WASHINGTON – Senator Bob Menendez (D-N.J.), Ranking Member of the Senate Foreign Relations Committee, delivered the following remarks addressing the Trump Administration’s latest actions on Iraq and Iran during his opening statement at a committee hearing exploring the future of arms control:
“Thank you, Mr. Chairman. Before I turn to the topic of the hearing, I must address the Trump Administration’s latest actions on Iraq and Iran.
This morning, I woke up to the news that the Administration announced that it was ordering the departure of US embassy staff from our embassy in Baghdad and our consulate in Erbil.
There are only two reasons for ordering their departure: we have credible intelligence that our people are at risk, or in preparation for military action in Iran.
The Senate Foreign Relations Committee is charged with writing the laws that authorize the use of military force and of oversight of the State Department and the safety of those who work there.
And yet, the Trump Administration has not provided any information to this committee on the intelligence behind their decisions or what they plan to do in Iraq or Iran. I have repeatedly reminded the Administration of its responsibilities to this committee.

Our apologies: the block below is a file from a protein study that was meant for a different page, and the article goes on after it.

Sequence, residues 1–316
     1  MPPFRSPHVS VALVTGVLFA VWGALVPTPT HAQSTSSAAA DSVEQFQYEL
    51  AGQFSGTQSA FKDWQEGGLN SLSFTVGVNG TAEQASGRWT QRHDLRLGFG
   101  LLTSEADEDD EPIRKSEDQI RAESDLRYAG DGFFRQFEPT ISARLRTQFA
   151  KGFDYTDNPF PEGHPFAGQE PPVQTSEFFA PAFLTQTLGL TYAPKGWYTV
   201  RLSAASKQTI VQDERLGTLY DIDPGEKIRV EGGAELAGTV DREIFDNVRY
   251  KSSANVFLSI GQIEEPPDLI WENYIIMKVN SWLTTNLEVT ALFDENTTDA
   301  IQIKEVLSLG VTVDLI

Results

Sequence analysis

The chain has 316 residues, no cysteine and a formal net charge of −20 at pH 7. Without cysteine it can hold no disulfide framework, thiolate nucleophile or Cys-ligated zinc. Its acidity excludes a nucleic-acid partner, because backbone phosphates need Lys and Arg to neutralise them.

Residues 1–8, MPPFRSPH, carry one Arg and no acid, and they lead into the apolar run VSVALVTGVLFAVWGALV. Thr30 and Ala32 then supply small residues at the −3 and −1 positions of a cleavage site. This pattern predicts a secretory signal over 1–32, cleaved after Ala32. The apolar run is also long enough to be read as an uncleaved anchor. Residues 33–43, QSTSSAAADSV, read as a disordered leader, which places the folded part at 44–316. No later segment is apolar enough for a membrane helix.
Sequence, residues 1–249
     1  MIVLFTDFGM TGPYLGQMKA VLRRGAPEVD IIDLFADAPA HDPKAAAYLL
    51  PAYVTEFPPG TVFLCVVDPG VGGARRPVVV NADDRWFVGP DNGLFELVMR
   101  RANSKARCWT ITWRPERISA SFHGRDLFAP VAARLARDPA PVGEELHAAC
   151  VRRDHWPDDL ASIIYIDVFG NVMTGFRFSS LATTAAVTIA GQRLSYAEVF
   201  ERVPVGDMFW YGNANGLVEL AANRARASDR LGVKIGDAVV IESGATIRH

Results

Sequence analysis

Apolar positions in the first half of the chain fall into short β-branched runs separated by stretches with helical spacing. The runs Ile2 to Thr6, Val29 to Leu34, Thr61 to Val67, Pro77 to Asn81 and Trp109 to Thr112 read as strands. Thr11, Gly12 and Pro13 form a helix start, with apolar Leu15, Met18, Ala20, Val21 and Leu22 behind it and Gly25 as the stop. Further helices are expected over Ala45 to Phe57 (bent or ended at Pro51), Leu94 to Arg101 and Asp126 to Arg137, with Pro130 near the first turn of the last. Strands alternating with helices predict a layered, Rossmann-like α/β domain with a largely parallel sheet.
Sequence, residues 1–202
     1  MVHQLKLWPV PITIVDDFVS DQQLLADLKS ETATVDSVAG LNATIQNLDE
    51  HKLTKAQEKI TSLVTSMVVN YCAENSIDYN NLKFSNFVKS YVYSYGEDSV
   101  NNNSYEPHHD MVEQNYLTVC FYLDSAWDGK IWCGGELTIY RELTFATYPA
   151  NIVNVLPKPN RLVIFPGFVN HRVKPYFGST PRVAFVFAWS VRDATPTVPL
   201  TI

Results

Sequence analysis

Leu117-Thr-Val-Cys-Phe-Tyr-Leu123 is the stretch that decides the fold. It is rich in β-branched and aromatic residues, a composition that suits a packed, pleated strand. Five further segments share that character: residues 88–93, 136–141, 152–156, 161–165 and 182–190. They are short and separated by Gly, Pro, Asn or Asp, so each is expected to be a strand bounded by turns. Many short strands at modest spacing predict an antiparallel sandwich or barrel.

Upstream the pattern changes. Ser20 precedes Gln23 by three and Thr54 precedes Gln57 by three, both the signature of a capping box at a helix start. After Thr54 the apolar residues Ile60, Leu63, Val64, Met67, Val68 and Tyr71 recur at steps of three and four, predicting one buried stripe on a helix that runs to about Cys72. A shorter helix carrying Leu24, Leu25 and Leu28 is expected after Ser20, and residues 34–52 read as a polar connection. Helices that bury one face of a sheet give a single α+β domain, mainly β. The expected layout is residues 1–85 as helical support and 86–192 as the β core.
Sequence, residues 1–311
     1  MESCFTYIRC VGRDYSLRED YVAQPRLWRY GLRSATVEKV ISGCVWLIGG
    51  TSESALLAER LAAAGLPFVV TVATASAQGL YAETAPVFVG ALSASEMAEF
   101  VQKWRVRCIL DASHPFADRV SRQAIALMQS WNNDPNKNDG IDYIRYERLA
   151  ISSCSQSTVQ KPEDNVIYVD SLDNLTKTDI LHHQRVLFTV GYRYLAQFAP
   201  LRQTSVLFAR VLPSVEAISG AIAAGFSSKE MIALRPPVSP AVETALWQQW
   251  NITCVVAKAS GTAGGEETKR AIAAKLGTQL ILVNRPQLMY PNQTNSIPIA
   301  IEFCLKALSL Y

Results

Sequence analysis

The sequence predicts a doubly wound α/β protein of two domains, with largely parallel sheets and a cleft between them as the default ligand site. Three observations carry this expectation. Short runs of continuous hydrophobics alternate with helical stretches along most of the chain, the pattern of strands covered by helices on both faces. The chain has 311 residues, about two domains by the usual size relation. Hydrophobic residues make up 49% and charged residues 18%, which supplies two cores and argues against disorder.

Mr. Chairman, I hope you will join me in asking the Administration to immediately provide this committee with a briefing on the decision to order the departure of the embassy staff, the intelligence on what Iran may be planning to do, and any plans to go to war with Iran.
I would add that while a briefing for all Senators is rumored for next week, that is no substitute for directly briefing this committee today, when there is clearly actionable intelligence available. Nor is that timeline itself acceptable.
Finally, I want to make two points absolutely clear on our policy towards Iran.
First, we need a diplomatic surge on Iran to meaningfully engage our allies and Iran in serious negotiations to end its pathway towards nuclear weapons and its malign activities.
Second, Congress has not authorized war with Iran, and the Administration, if it were contemplating military action with Iran, must come to Congress to seek approval.
I have spent the better part of two decades focused on stopping Iran’s quest for a nuclear weapon and attacks against our allies, including Israel. There is a right way to pursue that policy and that goal, which I believe we all share and on which I think the Chairman and I have common cause. And there is a wrong way to do it – a way that endangers our allies, our interests, and our people. And I am deeply concerned that the way the administration is pursuing its policy now is leading us in the wrong way.”
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